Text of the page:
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Whether you and your staff are sitting or standing at work, there are risks to physical and mental wellbeing that can be easily avoided. Here are some top tips from Erin Holland from Active+, who's an experienced physiotherapist in occupational health. 

What are the key health and safety risks when you're working in an office?
You're often sitting for large chunks of time in an office so the primary risk is not enough movement and breaks. If you're always static, you'll start to develop discomfort, pain and if left untreated – long-term injury to your neck, arm or hand.

What do business owners need to look out for?
  • Screen height. Our bodies like to be neutral, not straining to look up, down, or on an angle for eight hours a day. You want the top of the toolbar at eye level.
  • Incorrect chairs. Whether they're at the wrong height, old, broken, or sloping, seat position is an easy fix and makes a huge difference. If you're buying work chairs, check their seating tolerance. You need one that can withstand 6-8 hours of use.
  • Mouse overuse. The mouse is more problematic than the keyboard. By having your hand and finger poised to press the button, the muscles in your forearm are always activated. To avoid tendinitis, move the mouse closer to you and only use it when you need it.
  • Posture. Make sure you work with a neutral posture. This means head and shoulders are lined up, and hips, knees and elbows are at 90-degrees.
  • Lack of movement. Make sure you and your team are moving regularly, even if it's just getting up for a cup of tea, chatting with workmates, or going outside for fresh air. Regular movements prevent injury and pain.
  • Laptop users. Ideally, you have a laptop stand, separate keyboard, and foot stand to create an optimal sitting position.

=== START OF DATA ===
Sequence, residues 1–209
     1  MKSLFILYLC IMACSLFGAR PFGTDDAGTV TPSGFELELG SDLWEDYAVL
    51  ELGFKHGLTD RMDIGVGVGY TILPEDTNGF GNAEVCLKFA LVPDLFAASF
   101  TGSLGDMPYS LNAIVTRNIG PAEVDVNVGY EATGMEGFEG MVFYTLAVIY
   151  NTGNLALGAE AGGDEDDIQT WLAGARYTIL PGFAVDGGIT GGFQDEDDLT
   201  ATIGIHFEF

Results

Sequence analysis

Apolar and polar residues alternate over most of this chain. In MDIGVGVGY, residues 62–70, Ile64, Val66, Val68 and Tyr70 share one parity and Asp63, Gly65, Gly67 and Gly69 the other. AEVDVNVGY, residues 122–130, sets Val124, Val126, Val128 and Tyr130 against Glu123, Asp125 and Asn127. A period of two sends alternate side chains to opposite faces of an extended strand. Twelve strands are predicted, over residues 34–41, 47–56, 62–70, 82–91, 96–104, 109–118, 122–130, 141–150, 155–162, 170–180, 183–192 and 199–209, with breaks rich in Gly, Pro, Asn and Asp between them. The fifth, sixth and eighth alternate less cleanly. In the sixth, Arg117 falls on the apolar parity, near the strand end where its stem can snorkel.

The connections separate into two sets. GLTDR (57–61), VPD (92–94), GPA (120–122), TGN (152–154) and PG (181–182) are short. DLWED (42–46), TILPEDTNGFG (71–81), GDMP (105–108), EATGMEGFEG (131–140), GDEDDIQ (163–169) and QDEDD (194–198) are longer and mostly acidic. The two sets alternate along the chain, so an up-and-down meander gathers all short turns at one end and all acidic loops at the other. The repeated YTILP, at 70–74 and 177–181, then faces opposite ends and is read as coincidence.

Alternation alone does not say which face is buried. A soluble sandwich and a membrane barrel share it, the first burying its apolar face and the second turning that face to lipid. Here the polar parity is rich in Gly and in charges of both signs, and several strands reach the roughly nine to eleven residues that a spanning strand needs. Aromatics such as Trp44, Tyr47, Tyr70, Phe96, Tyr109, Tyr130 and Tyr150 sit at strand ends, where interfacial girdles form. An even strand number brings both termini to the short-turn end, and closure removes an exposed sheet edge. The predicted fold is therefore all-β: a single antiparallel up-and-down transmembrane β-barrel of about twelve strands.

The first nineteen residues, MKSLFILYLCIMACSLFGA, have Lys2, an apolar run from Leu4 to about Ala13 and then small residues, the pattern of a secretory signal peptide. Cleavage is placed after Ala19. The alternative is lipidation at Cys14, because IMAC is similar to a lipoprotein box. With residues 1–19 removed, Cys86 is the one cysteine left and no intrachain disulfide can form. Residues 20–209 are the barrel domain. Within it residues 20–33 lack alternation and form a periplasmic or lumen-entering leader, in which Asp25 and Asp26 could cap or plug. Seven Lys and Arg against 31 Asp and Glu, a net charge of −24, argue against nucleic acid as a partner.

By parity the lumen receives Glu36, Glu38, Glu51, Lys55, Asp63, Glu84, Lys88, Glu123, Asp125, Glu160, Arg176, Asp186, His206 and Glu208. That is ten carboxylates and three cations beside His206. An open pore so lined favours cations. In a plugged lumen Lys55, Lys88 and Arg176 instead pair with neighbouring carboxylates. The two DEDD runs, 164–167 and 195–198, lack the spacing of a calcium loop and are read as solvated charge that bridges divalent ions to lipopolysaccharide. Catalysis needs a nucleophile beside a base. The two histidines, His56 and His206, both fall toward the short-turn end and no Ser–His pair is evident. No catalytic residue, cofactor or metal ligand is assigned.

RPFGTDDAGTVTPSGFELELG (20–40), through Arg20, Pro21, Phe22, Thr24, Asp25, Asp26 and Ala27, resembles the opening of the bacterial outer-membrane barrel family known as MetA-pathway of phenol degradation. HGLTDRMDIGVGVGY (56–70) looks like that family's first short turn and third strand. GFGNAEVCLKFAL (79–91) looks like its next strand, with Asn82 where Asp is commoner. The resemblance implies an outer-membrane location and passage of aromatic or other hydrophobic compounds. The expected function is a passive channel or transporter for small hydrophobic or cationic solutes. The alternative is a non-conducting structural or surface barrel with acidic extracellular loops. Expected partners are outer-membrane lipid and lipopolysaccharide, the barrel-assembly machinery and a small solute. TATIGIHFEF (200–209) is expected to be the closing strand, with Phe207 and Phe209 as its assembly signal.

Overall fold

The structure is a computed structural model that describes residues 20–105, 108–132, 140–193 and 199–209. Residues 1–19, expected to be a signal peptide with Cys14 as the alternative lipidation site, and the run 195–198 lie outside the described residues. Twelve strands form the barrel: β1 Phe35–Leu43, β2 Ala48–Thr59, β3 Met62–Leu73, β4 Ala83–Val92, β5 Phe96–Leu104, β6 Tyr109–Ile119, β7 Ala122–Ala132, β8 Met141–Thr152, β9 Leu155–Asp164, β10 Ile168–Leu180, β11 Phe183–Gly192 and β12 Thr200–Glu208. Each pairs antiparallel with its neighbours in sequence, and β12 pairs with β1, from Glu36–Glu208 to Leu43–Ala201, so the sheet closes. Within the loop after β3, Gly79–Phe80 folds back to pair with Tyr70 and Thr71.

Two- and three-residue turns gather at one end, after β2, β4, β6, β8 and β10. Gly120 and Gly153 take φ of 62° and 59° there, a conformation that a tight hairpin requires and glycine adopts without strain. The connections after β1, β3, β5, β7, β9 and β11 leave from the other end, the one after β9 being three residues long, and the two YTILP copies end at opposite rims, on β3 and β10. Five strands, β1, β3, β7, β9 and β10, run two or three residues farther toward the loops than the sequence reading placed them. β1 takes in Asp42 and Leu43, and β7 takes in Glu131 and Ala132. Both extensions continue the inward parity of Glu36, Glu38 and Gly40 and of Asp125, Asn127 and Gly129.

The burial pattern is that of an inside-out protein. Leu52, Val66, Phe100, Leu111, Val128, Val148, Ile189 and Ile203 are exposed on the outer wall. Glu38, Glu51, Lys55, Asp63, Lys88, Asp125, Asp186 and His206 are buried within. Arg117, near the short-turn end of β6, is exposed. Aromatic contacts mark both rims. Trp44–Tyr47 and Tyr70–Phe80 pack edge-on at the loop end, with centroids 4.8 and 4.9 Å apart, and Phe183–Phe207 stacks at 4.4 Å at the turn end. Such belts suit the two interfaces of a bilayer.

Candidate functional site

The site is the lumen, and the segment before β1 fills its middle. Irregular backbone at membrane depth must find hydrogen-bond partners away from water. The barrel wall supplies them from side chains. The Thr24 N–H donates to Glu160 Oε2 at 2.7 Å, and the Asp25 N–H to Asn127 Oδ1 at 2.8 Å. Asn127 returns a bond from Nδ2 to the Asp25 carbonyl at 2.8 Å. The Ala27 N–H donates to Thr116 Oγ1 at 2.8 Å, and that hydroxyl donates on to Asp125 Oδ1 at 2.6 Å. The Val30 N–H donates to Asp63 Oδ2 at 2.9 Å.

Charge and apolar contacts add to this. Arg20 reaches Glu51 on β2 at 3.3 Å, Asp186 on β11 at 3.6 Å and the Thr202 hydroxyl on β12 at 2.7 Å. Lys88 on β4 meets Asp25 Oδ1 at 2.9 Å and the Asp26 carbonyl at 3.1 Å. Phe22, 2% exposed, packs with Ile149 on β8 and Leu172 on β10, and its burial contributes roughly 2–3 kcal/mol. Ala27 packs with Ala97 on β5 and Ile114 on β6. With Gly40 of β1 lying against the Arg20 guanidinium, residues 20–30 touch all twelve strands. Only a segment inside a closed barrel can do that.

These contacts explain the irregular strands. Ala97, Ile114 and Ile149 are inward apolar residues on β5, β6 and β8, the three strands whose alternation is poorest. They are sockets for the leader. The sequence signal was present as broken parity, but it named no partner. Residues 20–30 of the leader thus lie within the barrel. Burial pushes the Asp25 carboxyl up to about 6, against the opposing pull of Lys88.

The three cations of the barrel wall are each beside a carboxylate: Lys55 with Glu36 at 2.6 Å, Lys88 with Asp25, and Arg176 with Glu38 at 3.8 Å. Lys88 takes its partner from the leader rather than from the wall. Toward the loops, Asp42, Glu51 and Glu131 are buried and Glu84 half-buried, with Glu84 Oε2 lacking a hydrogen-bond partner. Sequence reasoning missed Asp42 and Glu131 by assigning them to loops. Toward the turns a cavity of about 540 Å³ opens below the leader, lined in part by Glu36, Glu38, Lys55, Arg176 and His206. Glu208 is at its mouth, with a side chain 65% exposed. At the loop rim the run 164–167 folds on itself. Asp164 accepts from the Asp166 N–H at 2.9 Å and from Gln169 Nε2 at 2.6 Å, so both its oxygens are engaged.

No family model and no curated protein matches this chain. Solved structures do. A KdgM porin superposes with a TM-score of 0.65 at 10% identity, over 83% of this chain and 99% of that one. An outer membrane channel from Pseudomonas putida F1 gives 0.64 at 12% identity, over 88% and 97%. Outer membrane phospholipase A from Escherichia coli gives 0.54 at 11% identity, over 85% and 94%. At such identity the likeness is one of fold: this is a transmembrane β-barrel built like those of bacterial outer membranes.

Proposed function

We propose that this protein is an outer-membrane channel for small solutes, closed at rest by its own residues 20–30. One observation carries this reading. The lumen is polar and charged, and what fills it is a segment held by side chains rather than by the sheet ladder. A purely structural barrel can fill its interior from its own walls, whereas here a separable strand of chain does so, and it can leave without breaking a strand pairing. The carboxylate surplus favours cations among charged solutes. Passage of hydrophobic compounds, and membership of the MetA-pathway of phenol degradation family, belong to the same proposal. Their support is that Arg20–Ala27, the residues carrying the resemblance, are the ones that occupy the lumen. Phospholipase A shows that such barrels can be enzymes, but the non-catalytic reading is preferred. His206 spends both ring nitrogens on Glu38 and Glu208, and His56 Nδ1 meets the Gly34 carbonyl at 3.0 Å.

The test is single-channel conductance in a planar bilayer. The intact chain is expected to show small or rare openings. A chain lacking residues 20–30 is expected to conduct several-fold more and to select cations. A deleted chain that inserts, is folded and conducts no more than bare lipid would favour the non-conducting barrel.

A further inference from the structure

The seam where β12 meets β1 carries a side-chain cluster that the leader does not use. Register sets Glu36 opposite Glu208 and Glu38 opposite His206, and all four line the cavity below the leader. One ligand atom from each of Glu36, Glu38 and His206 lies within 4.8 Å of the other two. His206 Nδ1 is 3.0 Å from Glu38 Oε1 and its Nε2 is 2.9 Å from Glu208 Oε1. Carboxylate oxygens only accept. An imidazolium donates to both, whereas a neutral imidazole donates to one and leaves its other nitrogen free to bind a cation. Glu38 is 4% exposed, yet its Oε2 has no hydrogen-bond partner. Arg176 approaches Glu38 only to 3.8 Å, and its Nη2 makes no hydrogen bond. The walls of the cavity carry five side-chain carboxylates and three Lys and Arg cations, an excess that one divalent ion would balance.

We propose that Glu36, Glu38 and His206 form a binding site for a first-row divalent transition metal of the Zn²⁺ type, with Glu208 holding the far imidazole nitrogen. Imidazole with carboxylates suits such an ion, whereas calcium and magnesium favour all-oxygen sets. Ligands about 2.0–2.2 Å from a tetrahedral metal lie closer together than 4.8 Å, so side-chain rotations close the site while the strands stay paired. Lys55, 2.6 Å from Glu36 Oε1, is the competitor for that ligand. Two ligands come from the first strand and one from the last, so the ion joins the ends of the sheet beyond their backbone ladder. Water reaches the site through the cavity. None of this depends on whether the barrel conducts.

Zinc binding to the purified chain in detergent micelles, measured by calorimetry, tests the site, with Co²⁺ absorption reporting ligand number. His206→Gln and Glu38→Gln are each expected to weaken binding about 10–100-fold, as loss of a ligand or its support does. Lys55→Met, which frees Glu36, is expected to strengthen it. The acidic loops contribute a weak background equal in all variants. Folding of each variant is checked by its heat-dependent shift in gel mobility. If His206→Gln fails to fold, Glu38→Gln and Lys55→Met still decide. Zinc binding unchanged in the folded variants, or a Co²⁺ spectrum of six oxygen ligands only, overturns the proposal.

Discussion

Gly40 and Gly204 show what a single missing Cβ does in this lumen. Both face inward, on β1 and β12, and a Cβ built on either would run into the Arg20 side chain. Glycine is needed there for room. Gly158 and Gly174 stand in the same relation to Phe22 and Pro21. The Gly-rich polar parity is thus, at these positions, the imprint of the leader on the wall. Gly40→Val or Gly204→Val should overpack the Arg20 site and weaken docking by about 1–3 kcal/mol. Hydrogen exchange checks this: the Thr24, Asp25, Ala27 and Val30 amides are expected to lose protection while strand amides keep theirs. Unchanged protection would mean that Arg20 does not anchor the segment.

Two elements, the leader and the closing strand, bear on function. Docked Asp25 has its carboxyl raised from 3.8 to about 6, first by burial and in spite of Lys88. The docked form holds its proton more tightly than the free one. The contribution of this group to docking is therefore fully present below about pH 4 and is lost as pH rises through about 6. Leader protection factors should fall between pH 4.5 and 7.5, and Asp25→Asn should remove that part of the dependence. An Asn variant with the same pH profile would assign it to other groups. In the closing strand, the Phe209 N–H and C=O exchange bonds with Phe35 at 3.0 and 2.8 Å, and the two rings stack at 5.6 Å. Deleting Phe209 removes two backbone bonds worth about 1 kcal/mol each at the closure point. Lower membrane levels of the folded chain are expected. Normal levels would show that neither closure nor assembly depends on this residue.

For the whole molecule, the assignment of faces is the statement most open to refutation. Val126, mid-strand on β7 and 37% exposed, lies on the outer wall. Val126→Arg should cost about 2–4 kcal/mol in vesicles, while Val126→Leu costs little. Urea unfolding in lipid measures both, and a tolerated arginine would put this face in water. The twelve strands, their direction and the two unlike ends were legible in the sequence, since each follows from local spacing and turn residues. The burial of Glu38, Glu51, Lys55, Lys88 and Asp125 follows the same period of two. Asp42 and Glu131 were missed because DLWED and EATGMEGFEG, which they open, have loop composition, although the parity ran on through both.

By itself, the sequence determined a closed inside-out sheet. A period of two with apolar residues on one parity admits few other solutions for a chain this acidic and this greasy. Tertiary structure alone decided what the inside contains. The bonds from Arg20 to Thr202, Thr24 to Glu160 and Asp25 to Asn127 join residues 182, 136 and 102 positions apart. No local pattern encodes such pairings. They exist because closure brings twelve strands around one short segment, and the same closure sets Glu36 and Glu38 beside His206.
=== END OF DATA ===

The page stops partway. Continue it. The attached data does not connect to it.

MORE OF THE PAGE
And if you're driving…
  • Seat position. Getting this right is really important. Check lumbar support is adequate because if you're sitting with arms and legs extended, it puts pressure on your nervous system and can cause back problems and sciatica.
  • Steering wheel height. Some people get a sore neck after driving because they've had their hands on the steering wheel and their neck and arms are rigid. Stay neutral to avoid sore lower back and shoulders.
  • Fatigue. If you're slow to respond, have difficulty making decisions quickly, drifting off, or don't notice you're speeding (or getting somewhere and not remembering driving there), you need a break. Remember, it's not the same as being tired, it's when your brain isn't processing things as it should be, and without awareness, you could make mistakes on the road.

What are the key health and safety risks when you're standing a lot for work?
The chance of discomfort, pain and injury is underestimated in workplaces where people are on their feet a lot, like in a warehouse. If you're walking around you won't have too much of a problem. It's the static standing that can cause sore feet, knees, hip and back. Long-term effects can be debilitating, including inflammation to the arch of your foot (Plantar Fasciitis), which can cause so much pain it becomes impossible to stand, and it's tricky to fix.

What do business owners need to look out for?
  • Footwear. Make sure everyone has appropriate, well-fitted footwear. Consider orthotics, heel cups, or gel inserts to take off some of the pressure.
  • Movement. Make sure staff are moving and walking, not just standing.
  • Rubber mats. Anti-pressure mats create a softer surface to stand on, which can make a huge difference. Or offer a seat so they can sit down and take a load off.

Disclaimer: The information in this article is of a general nature only, and is not intended to address specific circumstances of any particular individual or entity. Specific advice should be sought from qualified professionals prior to relying on any information received from this article.